Next-generation sequencing is helping to drive the emerging market in single-cell genomics, according to a report by Culver City, Calif.-based market research firm DeciBio.
The single-cell genomics market is expected to more than triple by 2015, with next-gen sequencing representing around $100 million of that in 2015 and growing to $300 million by 2018.
Historically, single-cell genomics has been dominated by microarray technology and PCR, senior author of the report, David Cavanaugh, told In Sequence. But increasingly, qPCR and next-gen sequencing are taking over.
While the market as a whole is growing rapidly, Cavanaugh said, not every facet is experiencing growth. "It's a very heterogeneous market," he said, with some aspects like next-gen sequencing growing very fast, but with other portions, like microarrays, slowing down.
"We really see qPCR and NGS being the predominant genomic tools used," he said. Cavanaugh added that single-cell genomics, while still a niche market, is at a tipping point.
"The workflow is pretty challenging and has historically been low throughput and manual," he said. The workflow can be divided up into three parts, Cavanaugh said, including cell isolation, sample preparation, and genomic analysis.
"Very few people have expertise across the entire workflow," he said. For instance, cell isolation techniques like flow cytometry have been the realm of cell biologists who were not "well-positioned to think about the challenges of sample prep on low amounts of DNA or RNA," he said.
Increasingly, though, companies like Fluidigm are developing tools that automate much of that process and enable the front ends and back ends to be integrated, he said.
Additionally, the launch of institutions dedicated specifically to single-cell genomics is helping to drive the technology forward. For example, Fluidigm and the Broad Institute established a joint Single-Cell Genomics Center last year. East Boothbay, Maine-based Bigelow Genomics, which was founded in 2009 to offer cell sorting, cell lysis, and whole-genome amplification, recently added next-gen sequencing of single cells to its service offerings (IS 4/3/2012).
Currently, academic laboratories make up the vast majority of the single-cell market. But, DeciBio estimates that as the technology evolves, the market will spread to other areas like applied sciences and especially clinical customers.
The two main driving application areas are using single-cell genomics for very rare cells, like unculturable bacteria, embryos, and circulating tumor cells; and to analyze genomic variation from heterogenous samples like tumors, where the genomic makeup of individual cells can vary within the same tumor.
In the context of analyzing rare cells, Cavanaugh said that next-gen sequencing would likely be the primary tool, since it offers a hypothesis-free approach. For looking at genomic variation at the single-cell level, both next-gen sequencing and qPCR will be valuable. For instance, in the case of studying a tumor with known driver genes, qPCR could be used to look at the differences in expression between metastatic and non-metastatic cells, Cavanaugh said.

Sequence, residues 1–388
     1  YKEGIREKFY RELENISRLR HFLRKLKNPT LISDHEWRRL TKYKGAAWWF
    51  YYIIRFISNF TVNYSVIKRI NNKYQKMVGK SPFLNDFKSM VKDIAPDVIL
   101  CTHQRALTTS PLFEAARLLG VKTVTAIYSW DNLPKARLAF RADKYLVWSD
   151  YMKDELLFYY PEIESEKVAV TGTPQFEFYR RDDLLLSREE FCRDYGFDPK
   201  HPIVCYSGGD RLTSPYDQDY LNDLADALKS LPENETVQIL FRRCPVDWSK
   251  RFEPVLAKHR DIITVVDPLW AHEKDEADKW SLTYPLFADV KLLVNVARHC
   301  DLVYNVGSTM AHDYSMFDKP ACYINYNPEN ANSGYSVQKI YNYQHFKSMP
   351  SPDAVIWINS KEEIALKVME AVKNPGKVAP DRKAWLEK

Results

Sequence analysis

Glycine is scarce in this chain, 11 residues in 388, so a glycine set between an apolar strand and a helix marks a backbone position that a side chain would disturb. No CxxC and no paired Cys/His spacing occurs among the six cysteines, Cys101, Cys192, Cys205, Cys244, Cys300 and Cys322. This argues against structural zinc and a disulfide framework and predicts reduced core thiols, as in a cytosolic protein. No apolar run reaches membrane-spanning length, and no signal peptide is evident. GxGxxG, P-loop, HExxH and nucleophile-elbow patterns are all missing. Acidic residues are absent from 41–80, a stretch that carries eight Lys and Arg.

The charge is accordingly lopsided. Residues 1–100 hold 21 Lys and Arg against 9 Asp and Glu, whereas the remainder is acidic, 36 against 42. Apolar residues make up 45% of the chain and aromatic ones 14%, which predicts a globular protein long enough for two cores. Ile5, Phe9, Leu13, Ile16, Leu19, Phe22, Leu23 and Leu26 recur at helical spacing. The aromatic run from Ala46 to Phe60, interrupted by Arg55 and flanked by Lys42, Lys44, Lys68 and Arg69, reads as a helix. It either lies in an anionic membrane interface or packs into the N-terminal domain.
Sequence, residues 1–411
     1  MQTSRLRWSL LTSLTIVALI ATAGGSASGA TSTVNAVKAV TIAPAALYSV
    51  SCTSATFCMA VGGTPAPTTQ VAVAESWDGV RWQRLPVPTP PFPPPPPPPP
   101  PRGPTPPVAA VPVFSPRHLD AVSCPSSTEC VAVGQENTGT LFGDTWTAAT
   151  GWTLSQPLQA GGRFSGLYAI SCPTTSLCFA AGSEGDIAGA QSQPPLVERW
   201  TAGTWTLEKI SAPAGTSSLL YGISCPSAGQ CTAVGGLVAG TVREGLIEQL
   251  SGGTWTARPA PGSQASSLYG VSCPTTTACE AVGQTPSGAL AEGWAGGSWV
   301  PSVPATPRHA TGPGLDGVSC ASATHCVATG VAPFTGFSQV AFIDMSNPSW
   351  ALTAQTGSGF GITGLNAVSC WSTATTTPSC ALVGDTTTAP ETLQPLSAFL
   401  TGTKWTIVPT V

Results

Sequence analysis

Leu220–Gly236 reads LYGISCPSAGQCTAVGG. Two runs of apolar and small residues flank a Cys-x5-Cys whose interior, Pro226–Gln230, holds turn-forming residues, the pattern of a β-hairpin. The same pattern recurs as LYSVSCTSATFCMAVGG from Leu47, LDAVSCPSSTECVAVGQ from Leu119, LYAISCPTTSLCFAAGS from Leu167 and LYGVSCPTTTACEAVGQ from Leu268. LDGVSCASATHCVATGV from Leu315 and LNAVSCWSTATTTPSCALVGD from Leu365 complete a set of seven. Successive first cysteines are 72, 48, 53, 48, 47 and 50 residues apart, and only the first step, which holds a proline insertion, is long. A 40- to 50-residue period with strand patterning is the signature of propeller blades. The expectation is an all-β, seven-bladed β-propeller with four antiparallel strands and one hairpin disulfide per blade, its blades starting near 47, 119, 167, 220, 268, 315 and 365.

Within the research setting, single-cell sequencing has been gaining in popularity for sequencing unculturable bacterial species. For instance, at this year's US Department of Energy-Joint Genome Institute's user meeting, researchers from JGI and the Broad Institute each demonstrated single-cell sequencing approaches for studying bacteria (IS 4/3/2013).
And a number of researchers highlighted single-cell sequencing techniques at last year's Biology of Genomes meeting at Cold Spring Harbor Laboratory in New York (IS 5/12/2012).
In addition, the National Institutes of Health last year awarded three groups from the University of California, San Diego (IS 11/27/2012), the University of Pennsylvania (IS 12/4/2012), and the University of Southern California (IS 12/11/2012) five-year grants between $9 million and $10 million each under its Single Cell Analysis Program for single-cell transcriptome sequencing projects.
Clinically, using single-cell genomics techniques to analyze circulating tumor cells is the "most near-term opportunity," according to the DeciBio report.
Indeed, researchers at Cold Spring Harbor are testing single-cell sequencing of biopsy samples, surgical samples, and circulating tumor cells from prostrate cancer patients to see whether using the technique to analyze copy number change can help inform earlier diagnosis (CSN 9/7/2011).
Single-cell sequencing in preimplantation genetic diagnosis may ultimately end up being the first clinical use of the technology. For instance, Dagan Wells from the University of Oxford, who also collaborates with preimplantation diagnosis firm Reprogenetics, has designed a single-cell sequencing-based test to screen embryos for chromosomal aneuploidies and is currently conducting a clinical trial of the test. (CSN 2/27/2013).